I couldn’t think of a better person to kick things off than children’s poet (and my dear friend) Irene Latham.
Irene’s poetry prompt is: The Language of Water
“How does water speak? What does a lake, river, waterfall, etc. say? Use onomatopoeia (words with water sounds, like splash, sprinkle, drizzle, spray…) and/or dialogue to imagine a conversation with water.”
Get your pencils sharpened and your typing fingers warmed up. Your task is to draft a piece of writing about the language of water before the end of the day tomorrow, Monday, March 23, 2020.
If you’re doing the #WaterPoemProject with a group, be sure to share or post your rough draft, read other people’s poems, and cheer for their efforts.
Irene Latham’s latest book is Dictionary for a Better World: Poems, Quotes and Anecdotes from A to Z, with Charles Waters, illus. by Mehrdokht Amini, published by Lerner. You can find out more about Irene’s books her website.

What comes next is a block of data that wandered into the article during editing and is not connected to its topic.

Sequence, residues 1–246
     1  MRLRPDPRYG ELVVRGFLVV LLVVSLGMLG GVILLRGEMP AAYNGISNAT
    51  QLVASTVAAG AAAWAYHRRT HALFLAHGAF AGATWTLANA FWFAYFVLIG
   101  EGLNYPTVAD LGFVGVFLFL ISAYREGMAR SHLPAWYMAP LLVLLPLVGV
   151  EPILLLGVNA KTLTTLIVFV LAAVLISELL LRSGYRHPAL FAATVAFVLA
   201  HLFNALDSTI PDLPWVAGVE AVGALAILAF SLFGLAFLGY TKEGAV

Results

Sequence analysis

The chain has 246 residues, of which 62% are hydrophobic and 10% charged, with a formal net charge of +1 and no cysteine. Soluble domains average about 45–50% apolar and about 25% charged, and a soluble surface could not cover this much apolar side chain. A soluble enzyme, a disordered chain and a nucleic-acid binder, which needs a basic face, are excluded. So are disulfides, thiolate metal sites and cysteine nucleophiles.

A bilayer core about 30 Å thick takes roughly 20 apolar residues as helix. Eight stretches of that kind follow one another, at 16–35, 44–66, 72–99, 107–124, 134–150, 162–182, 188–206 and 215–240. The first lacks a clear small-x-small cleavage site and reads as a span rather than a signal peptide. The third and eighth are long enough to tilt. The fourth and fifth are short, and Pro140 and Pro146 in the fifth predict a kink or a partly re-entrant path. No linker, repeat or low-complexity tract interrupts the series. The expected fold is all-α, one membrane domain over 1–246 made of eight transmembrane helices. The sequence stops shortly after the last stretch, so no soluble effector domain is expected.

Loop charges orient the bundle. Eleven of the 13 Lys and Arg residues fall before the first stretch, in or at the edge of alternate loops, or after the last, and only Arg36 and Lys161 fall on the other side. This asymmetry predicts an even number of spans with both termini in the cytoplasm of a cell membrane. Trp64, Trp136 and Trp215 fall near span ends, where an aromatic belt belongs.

#WaterPoemProject Series Posts:
Prompt 1: Irene Latham, The Language of Water
Prompt 2: Elizabeth Steinglass, What Would a Raindrop Say?
Prompt 3: Linda Mitchell, Found Haiku
Prompt 4: Shari Green, Fogbow Fibonacci
Prompt 5: Margaret Simon, The Taste of Water
Prompt 6: Heather Meloche, The Shape of a Wave
Prompt 7: Amy Ludwig VanDerwater, A Water Memory
Prompt 8: Laura Shovan, Rainy Day Opposites
Prompt 9: Kathryn Apel, Silly Solage
Prompt 10: Buffy Silverman, A Watery Home
Prompt 11: Kara Laughlin, Frozen Fog
Prompt 12: Debbie Levy, Jump into a Limerick
Prompt 13: Joy McCullough, What Are Water Bears?
Please support the #WaterPoemProject authors by buying their books from your favorite independent bookstore.